Duke Hanley was on one of his favorite hikes in Central Oregon. Most of the way up Paulina Peak in the Newberry Crater National Monument, he couldn’t remember what year it was. He did as he had done for the past eleven months; he sat down and didn’t move for three hours until his mind was working again as he had been told it would. He knew it was 2021 and Robinson was president. The instructions Dr. Jenkins gave him always worked. He rarely went out without his wife because of his recurring transient global amnesia, but she was visiting her parents and Duke wanted to see if he could handle his disability on his own. His employer, Unify Insurance, understood his problem and worked around his occasional periods of sitting silently when he was struck by TGA. One thing good about TGA was that during its spells, he didn’t lose consciousness or lose coordination. He didn’t have any loss of driving ability or get lost.

He completed his climb and returned to his rental room on East Lake, where he had spent many pleasant holidays as a child camping with his family. He couldn’t remember much about the climb, except a fuzzy image of a woman that he passed on the way up. He knew that she was attractive and that they spoke, but he couldn’t picture her and didn’t know what they had said.

Over the next two days, he wondered around East and Paulina Lakes admiring the volcanic pumice and obsidian from the collapsed volcano that had been there before a prehistoric massive eruption and collapse.

Duke timed his return to Lake Grove to his wife Sally’s return from her parents in Michigan. She was concerned about his episode while he was at Newberry, but he managed to assuage her fears. They decided that he wouldn’t make trips like that alone again if there was any way to avoid it. If she wasn’t available, he could go with his college friend Jerry. Jerry played at freelance writing, but didn’t worry about money because of a hefty inheritance. He was ready to drop work at any time to take off on an adventure.

A month later, Duke and Jerry took a vacation to see another college chum Joy in New Mexico. They flew from Portland and rented a car in Albuquerque. Despite the name, Joy is a man who changed his name, not his gender. They did the usual tourist things, soaking up Spanish colonial culture in Taos and Santa Fe. Duke got a chance to murder the Spanish language. Duke and Joy huffed and puffed up Wheeler Peak. Jerry went back to the car after the first mile and waited in the car. They got a spectacular bat show at Carlsbad Caverns. The guide said it was the best she had seen in a month.

The best part of the trip for Duke was a lack of amnesia episodes.

That didn’t last. A week after returning to his Lake Grove neighborhood, TGA struck again. A month later, he came out of TGA believing that he was in Seattle stealing a car. Sally had to tell him that nothing of the sort had happened despite Duke’s certainty that he was a character like in Grand Theft Auto.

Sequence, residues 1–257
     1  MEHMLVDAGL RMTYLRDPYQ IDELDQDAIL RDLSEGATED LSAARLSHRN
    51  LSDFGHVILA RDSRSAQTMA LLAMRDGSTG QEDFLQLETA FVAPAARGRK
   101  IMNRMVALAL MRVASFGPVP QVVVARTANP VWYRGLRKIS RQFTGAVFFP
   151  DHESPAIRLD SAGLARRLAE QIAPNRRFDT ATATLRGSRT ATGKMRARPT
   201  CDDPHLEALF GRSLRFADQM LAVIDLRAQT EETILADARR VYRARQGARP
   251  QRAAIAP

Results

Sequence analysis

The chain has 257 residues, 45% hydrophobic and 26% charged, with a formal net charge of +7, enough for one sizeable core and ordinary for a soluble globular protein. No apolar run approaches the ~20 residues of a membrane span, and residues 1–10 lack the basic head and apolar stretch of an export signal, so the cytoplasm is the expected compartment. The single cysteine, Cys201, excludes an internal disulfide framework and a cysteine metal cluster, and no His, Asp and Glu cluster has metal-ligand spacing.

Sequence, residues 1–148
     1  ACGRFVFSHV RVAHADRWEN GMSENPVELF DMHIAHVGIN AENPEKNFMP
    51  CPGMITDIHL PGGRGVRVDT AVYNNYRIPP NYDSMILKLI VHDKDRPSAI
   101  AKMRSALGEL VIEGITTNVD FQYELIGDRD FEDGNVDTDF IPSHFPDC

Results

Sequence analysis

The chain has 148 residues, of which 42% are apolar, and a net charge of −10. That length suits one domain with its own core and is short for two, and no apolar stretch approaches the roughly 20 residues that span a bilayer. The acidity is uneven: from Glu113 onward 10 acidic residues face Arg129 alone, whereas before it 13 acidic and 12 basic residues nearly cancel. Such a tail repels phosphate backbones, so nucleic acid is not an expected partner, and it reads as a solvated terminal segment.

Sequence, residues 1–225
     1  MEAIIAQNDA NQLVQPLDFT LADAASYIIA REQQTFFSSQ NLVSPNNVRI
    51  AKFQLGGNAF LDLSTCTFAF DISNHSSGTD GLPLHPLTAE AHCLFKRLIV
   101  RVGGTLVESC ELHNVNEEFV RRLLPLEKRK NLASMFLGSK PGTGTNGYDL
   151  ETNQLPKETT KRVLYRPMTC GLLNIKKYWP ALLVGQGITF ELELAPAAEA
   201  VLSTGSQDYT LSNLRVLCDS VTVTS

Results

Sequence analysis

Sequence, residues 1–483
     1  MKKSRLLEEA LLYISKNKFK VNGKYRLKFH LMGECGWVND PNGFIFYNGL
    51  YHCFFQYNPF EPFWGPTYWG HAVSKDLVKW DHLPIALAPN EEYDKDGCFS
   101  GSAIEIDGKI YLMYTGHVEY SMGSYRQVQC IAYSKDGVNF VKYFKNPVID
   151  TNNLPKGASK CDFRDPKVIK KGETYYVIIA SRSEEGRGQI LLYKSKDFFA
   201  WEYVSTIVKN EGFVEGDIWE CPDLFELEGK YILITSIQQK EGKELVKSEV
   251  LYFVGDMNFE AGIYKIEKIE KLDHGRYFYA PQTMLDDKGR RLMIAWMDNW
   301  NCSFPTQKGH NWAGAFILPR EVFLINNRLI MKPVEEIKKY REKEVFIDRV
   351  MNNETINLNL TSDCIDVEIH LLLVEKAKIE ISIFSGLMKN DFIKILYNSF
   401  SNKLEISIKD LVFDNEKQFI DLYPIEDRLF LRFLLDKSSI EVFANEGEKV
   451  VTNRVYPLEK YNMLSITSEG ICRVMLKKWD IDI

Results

He was still puzzling over the experience when Dr. Jenkins called with news of a breakthrough treatment. A combination of hypnotism and drugs could prevent both his amnesia and his hallucinatory experience. Over the next three months of hypnotherapy and two months of taking Amndol, his amnesia and disappeared. A disbelieving Duke was elated.


Coincidental with the conclusion of Duke’s treatment, three men and one woman met in the R&D office of Electronic Ecstasy in Hillsboro, northwest of Portland Oregon. The group’s leader, Neil Atkins, asked, “Anybody have any reason not to go forward?” No one spoke.

Neil proceeded, “I can’t believe that it was so smooth. Once the avaricious Jenkins suggested Mr. Hanley as our test case, it was clockwork. He never noticed the van that followed him around beaming brain interrupter signals to him. After we were able to get our gizmo down to backpack size, our terrific outdoorswoman and actor Jean was able to put him to sleep on that hike in Newberry Crater.”

“Thanks, Neil. I wanted a career in acting, but found this work pays a lot better and is steady.”

“Jenkins’ ‘cure’ worked out pretty well after we quit bombarding him. I’m glad we didn’t need to torture him anymore. I think that he’ll be just fine now.”

“The big leap was implanting thoughts while he was out. That’s the breakthrough that will make us all rich.”

Jack Jefferson muttered, “We should have had him believe that he was a murderer,” but Jefferson was a known wife beater and was usually ignored.

DeJohn Sheldon asked Neil, “You know, Jenkins is getting wobbly. He’s nervous and talking about more money for his part. Jenkins has a $50,000 gambling debt and is addicted to casinos. What do we do about him?”

“We have that covered. I told him we have a place for him in the Caicos Islands or a place in the ground if he isn’t happy. I think he’ll stay in line.

“Now for the really good news. We recruited a disgruntled Secret Service agent. A certain country that starts with ‘R’ would like to manipulate the president. With our next round of miniaturization, our amnesia/hallucination machine will fit in a pocket. After we get a script and instructions for the agent, I think that the agent will mold a president that makes ‘R’ happy and ‘R’ will fill our pockets.

“Three years from now, we will be the New World Order.”